The nurse at Vaden had told us to get the triage nurse when we arrived at the ER. I knew a little something about how the triage works. Enough to mis-understand and incorrectly program an implementation of it twice. But essentially, it’s a line with attention paid to level of need. It’s a priority queue. It also, apparently, happens to be somewhat slow at times.

To get to the triage nurse, however, involved getting through a metal detector (that wasn’t popular with the one-legged Jimmy) and the unfortunate, but necessary, forms. At first, it didn’t seem like it would be so bad. I, at that point, believed that not being able to walk would be high-ish on the triage scale. There was a man playing guitar softly for some peaceful ambiance. They had a copy of the San Francisco Chronicle, with the crossword still clean. And I could see a very full-looking rack of magazines.

First, the music went. I guess it works regular hours, because he moved quickly when it was 5:00. The Chronicle wasn’t interesting, and I stalled on the crossword. I learned that the magazine stand was filled with the discount, back-issue selection of magazines, from what looked like medical journals to the “Smithsonian.” I’m pretty sure the best pick there was a copy of a “Magic Treehouse” book I had probably read 10 years ago.

The wait continued and they had not yet called for “James.” The TV replaced the guitar player, but to satisfy the kids, it was tuned to Nickelodeon. Which apparently shows two hours of “Spongebob Squarepants” in the late afternoon on Mondays. The only thing in that show there was less of than content was humor. I’ve caught onto the dual-layered humor in cartoons that I missed before, but neither level was entertaining. Not quality TV.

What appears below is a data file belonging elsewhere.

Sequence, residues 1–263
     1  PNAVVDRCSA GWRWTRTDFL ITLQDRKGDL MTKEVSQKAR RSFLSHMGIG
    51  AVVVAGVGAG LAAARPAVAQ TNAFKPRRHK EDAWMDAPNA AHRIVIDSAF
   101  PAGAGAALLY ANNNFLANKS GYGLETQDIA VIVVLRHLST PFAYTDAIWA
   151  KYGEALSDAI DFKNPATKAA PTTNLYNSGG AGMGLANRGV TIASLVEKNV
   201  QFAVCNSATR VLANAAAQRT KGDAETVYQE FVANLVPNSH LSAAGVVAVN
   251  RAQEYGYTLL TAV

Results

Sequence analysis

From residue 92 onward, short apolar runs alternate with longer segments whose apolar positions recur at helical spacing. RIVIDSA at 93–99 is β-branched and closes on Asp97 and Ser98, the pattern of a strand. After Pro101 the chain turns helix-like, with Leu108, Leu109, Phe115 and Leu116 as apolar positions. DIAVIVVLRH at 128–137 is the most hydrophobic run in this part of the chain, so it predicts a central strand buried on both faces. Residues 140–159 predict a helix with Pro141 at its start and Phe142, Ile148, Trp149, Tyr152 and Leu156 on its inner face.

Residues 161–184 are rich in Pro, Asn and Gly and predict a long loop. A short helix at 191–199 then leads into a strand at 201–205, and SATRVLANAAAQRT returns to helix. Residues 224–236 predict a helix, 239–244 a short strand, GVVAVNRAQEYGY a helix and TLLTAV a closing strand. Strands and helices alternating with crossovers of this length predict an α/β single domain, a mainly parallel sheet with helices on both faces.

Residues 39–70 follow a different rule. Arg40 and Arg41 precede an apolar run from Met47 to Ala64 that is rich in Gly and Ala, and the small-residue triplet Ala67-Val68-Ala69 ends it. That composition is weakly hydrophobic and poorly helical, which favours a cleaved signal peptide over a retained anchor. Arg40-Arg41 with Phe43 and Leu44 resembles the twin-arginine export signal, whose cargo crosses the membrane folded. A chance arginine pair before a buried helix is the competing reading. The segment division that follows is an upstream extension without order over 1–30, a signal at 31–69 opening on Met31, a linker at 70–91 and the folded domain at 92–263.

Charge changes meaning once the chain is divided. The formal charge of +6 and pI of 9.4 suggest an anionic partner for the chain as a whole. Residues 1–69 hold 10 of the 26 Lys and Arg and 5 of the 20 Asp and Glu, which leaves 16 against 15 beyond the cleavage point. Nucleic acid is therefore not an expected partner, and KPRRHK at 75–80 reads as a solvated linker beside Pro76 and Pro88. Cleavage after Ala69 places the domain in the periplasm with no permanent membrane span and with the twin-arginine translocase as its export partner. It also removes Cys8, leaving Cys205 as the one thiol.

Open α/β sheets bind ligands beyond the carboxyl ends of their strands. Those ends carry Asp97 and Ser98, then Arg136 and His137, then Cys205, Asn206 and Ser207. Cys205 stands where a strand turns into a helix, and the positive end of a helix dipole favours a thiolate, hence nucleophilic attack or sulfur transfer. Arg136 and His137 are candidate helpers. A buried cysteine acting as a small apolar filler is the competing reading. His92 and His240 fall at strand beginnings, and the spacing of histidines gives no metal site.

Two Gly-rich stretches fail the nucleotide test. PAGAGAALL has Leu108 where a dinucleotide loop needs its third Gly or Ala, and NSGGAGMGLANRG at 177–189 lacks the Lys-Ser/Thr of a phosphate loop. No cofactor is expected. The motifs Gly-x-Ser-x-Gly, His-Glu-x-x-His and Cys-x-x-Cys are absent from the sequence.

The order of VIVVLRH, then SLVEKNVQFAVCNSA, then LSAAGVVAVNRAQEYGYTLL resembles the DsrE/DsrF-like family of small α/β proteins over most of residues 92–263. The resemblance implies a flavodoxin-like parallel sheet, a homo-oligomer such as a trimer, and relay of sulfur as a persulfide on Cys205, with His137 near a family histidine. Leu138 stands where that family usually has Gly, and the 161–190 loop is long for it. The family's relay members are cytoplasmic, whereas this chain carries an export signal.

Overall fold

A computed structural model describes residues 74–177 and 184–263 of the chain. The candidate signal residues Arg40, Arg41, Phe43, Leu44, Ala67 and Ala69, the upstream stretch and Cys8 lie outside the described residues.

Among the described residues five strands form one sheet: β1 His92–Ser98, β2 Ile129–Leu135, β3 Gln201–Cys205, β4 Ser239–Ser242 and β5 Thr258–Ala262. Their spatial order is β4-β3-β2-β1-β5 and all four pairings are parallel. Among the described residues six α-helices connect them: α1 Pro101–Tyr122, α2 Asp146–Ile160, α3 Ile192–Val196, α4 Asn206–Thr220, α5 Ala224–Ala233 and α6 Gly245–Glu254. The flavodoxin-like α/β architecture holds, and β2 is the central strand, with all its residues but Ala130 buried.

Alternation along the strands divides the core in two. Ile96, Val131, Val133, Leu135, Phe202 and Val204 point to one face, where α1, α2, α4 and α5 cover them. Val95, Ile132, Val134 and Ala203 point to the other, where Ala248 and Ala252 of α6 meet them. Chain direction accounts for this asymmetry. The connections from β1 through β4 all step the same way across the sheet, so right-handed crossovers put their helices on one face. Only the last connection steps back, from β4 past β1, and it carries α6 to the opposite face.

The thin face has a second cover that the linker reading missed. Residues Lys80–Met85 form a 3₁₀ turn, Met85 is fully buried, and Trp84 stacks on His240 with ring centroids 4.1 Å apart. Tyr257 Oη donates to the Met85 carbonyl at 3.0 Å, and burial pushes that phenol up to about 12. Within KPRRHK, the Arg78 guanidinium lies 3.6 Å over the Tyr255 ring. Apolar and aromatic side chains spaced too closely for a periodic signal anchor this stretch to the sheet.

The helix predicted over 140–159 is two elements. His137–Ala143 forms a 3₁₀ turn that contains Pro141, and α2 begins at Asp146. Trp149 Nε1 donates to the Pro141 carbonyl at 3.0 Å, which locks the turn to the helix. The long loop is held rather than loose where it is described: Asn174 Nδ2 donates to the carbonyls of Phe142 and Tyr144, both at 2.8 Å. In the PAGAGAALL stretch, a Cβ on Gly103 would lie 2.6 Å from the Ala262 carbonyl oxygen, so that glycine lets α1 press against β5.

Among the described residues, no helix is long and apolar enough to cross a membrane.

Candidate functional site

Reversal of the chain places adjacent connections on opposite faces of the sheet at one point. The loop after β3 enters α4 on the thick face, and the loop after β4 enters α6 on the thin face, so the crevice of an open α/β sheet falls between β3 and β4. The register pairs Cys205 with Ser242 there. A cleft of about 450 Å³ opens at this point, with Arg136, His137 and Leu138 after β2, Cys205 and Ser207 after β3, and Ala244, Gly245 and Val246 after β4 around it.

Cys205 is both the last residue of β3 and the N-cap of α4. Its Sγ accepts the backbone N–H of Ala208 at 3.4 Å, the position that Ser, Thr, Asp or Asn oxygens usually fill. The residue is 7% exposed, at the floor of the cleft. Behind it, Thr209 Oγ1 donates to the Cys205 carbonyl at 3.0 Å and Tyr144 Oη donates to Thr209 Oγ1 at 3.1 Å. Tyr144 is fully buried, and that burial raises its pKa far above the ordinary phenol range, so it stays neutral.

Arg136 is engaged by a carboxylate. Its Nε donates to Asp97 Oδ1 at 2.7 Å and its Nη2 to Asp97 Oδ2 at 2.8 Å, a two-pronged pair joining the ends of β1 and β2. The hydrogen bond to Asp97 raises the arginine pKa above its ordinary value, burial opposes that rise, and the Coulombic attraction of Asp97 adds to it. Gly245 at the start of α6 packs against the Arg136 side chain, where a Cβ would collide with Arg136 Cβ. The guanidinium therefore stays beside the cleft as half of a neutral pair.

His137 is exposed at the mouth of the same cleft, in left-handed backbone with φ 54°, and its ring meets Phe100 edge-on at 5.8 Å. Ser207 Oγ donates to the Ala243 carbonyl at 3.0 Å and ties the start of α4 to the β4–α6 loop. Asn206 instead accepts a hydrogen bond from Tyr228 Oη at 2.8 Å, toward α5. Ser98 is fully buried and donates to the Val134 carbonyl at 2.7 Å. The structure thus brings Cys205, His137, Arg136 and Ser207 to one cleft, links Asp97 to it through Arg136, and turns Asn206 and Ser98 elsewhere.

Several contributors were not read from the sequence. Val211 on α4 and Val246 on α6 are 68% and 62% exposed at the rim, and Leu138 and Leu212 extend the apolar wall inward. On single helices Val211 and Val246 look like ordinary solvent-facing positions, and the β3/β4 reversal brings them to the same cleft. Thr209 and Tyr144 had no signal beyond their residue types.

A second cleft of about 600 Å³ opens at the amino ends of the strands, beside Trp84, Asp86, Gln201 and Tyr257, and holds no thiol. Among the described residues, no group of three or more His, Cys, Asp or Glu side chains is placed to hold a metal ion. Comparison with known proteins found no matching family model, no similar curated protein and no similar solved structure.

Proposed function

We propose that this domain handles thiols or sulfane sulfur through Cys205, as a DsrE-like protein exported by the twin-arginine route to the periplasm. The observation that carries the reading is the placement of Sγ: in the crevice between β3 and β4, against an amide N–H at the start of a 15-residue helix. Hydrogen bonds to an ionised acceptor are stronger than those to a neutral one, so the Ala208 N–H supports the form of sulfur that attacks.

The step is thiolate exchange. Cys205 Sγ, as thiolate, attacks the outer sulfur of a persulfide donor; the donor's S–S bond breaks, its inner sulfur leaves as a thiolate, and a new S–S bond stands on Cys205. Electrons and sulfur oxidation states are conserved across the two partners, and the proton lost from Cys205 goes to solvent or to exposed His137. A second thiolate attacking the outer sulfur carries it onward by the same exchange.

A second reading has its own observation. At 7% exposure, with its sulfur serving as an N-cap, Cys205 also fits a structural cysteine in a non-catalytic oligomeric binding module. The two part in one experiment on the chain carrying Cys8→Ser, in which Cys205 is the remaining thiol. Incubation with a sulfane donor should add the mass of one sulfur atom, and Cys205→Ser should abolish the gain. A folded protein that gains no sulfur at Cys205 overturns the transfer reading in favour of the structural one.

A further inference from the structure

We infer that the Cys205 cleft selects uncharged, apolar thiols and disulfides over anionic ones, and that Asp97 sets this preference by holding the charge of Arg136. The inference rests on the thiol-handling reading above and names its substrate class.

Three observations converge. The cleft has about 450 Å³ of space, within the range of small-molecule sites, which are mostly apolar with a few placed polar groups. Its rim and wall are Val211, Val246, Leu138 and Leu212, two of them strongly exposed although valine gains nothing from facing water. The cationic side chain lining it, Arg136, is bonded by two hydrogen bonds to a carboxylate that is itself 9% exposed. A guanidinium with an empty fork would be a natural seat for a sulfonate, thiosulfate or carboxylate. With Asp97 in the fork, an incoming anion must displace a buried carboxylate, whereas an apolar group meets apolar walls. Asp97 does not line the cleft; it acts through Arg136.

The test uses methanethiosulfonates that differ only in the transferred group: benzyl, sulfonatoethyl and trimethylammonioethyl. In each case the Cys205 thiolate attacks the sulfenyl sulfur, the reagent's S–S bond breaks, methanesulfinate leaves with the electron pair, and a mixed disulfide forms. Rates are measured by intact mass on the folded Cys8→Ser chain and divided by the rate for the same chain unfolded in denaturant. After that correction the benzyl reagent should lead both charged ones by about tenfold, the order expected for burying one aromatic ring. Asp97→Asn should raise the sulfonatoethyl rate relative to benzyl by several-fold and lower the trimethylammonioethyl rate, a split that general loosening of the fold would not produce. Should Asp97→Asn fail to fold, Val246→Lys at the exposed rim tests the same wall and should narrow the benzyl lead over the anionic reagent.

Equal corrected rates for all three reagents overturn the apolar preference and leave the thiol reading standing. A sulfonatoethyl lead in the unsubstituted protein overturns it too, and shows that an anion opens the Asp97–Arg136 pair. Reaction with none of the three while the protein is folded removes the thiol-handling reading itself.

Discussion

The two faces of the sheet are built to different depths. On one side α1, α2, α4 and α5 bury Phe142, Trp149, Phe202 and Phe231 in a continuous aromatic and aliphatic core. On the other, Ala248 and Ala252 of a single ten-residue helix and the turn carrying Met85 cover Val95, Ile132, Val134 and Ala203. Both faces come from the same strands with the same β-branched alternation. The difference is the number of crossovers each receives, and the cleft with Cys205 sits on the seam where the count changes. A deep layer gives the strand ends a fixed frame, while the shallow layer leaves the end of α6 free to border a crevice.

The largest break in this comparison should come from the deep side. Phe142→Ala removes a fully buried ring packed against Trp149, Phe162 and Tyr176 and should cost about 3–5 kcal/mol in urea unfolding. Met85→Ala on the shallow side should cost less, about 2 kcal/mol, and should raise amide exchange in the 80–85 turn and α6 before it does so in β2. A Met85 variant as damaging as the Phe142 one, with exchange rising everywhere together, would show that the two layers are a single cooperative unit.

The downward path of the ER continued. I thought I was saved when Spongebob was done, but I instead got to watch Jamie Lynn Spears’ show on “The Nick.” That was worse. Granted, the sitcom is supposed to be a show about nothing. Even so, usually it has unity of theme, and even if it wasn’t brilliant, there was some meaningful end to it, whether a moral, or a satire of society, or whatever. About all I can say for that is that Jamie managed to show off the same level of talent associated with the rest of her family.

Well, about 3 1/2 hours after we got into the hospital, Jimmy was finally called, and not so soon afterwards, we were out of there. Thankfully, there was no fracture, only a very bad sprain requiring crutches. I don’t know how thankful any of us were then, however.

But I learned my lesson. At 4:00 AM, I finally slogged through an IHum paper that I had procrastinated on for two weeks and was intending to do that afternoon. And I don’t know if I managed to seem fully conscious during my Chinese oral the next afternoon. I can’t say this is how I wanted to learn my lesson, but I think I did. Next week is never less busy than this week. You never know what ant hill might lie four steps ahead of you.

I’ll jus try to stay ready, because there is no guarantee that the next TV show has to be better than this one.

Part 6 of my story. I promise it’s near an end. Hold out for the ending, please.